In the central Indian village of Raikheda, the construction of a thermal coal power plant once promised jobs and economic progress.
Years after its completion though, the debt-saddled project that promised power supply to hundreds of thousands of homes, sits mostly idle. It is unable to buy coal to power the plant or sell electricity to utilities. Dozens of nearby stores that were reliant on the project’s success have shut down.
A Reuters analysis of India’s power output data shows over 50 coal- and gas-fired power plants in India are largely mothballed, or operating at a bare minimum.
They are symbolic of a broader power sector struggling to service and pay off billions of dollars in loans, a major debt risk for the banking sector that could come to a head in coming months and ultimately leave tax payers picking up the bill.
After steel, power firms make up the second-biggest portion of India’s $150 billion mountain of bad debts. Steel made up roughly a fifth of the bad debts and power more than 12%.
Last month, the central bank ordered commercial banks – the main financiers of infrastructure projects in India, including the semi-complete, or largely mothballed power plants – to resolve non-performing debt problems in six months, or push defaulters into bankruptcy.
That could leave the state-dominated banking sector with the bad debts and hasten a government recapitalisation of the sector.
“These loans aren’t going anywhere,” said Supratim Sarkar, group head of structured finance at SBI Capital Markets in Mumbai. “The government will have to take care of the banking sector.”
GMR Infrastructure, which also operates the New Delhi airport, built the Raikheda plant in the central state of Chhattisgarh with around Rs80 billion ($1.24 billion) in loans. GMR did not respond to multiple requests for comment, although earlier this year it announced a debt restructuring for the Raikheda plant.
GMR commissioned the first phase of the 1.4 gigawatt Raikheda station in 2014 and its second in 2016, but they are fired up only occasionally to keep the power systems operable.
During construction thousands were employed at the site and the local economy was bustling. Many farmers sold land in exchange for jobs at the plant.
Next domino to fall
India’s stalled or stranded power projects account for nearly 50 gigawatts of electricity production capacity, or roughly 15% of India’s total of more than 300 gigawatts. That is potentially critical output in a fast-growing economy where total power-supply capacity is, on paper, sufficient to meet demand. But blackouts are not unusual during peak hours.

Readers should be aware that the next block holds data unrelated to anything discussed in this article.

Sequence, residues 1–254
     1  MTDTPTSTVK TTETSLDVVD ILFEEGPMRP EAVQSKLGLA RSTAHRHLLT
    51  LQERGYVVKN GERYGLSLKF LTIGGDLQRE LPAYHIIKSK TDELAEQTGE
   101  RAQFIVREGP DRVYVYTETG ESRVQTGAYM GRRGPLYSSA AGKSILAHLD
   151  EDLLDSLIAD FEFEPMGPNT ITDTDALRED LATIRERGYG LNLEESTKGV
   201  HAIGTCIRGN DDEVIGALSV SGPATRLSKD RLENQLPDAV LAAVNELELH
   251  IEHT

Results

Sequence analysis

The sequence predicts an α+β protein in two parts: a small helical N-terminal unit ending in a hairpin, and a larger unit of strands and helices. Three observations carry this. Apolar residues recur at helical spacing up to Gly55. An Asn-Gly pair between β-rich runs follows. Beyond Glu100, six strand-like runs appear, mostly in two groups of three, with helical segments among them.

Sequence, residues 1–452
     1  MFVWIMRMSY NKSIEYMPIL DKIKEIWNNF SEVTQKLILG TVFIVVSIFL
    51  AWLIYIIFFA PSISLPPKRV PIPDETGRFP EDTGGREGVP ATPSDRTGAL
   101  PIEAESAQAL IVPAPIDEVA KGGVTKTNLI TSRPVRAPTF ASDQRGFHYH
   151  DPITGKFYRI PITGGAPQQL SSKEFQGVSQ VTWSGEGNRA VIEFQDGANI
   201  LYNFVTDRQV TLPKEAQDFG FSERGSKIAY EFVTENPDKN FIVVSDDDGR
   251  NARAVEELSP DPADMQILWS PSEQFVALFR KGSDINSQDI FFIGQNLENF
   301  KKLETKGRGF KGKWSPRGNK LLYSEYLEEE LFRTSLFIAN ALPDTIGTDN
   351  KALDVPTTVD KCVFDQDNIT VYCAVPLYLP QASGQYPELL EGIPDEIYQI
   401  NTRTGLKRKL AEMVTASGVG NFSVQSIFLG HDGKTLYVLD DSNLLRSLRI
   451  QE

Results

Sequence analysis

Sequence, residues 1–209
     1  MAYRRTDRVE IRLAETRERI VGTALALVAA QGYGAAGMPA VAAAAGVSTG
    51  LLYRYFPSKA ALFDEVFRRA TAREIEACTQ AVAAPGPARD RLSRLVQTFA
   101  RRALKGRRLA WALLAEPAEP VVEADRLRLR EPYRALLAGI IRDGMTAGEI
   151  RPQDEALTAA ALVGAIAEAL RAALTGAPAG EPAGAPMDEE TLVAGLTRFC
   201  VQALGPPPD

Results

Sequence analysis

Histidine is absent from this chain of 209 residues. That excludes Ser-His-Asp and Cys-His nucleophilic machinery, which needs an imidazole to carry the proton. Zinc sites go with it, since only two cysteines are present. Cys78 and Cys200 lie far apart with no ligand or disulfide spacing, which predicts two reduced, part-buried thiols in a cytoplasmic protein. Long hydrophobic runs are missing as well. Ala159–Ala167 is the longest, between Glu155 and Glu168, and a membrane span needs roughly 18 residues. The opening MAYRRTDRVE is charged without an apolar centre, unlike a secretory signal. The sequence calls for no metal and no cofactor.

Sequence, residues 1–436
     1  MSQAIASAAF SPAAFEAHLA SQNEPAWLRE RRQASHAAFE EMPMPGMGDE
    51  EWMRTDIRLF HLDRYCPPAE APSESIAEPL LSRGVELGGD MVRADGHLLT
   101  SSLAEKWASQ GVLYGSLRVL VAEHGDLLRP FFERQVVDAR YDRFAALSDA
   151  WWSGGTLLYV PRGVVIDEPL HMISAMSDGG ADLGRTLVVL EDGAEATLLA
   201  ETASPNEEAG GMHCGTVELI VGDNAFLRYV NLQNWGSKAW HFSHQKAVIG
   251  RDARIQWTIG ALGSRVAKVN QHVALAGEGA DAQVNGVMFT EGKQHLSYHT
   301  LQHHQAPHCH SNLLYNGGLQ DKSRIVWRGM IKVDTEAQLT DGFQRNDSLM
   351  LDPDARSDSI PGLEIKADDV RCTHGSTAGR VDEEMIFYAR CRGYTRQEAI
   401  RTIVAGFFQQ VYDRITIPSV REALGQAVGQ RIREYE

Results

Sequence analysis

Several stranded projects are owned by the likes of Essar Power, GVK Power and Reliance Power, who rushed to set up power projects in the past decade when tariffs were rising.
But the plans came unstuck as the financial health of government-owned, state-level power distributors weakened, leaving them unwilling to meet the prices demanded by power plants, while coal and gas supplies failed to keep up with the needs of the newly opened power plants.
After heavy investment to construct the plants but no sales to generate income, many of these plants are now weighed down with debt.
Brokerage CLSA estimates the power generation sector accounts for 43% of the debt on domestic bank watchlists, which represent credit deemed at risk of going sour but not yet classified as a non-performing loans.
In 2015, India budgeted about $11 billion for a four-year bank bailout programme, although analysts say this amount falls woefully short of requirements given Basel III norms and the provisioning needed for bad loans.
Indeed, S&P Global Ratings analyst Deepali Seth-Chhabria estimates Indian banks will need 2.5 trillion rupees ($39 billion) for recapitalisation.
Compounding the risks for the coal and gas-fired power sector, India’s most-populous state of Uttar Pradesh recently rescinded eight power purchase deals the prior government had inked, deeming them too costly.
And a shift in government policy in favour of clean energy further undermines the prospects of power plants reliant on coal.
Earlier this year, GMR said it had agreed with banks to a strategic debt restructuring (SDR) for its Raikheda plant, giving lenders an equity stake in the asset and the ability to force a sale. At a conference in June, GMR said banks are still looking for potential buyers.
So far, the use of SDRs have seen little success, analysts said.
“Valuations of projects are the main reasons why SDRs have not yielded the desired results,” said R. Venkataraman, senior director at business consultancy Alvarez & Marsal in Mumbai.
With promoters of these projects also not keen to give away control, many of these cases will go to the bankruptcy court, he said.
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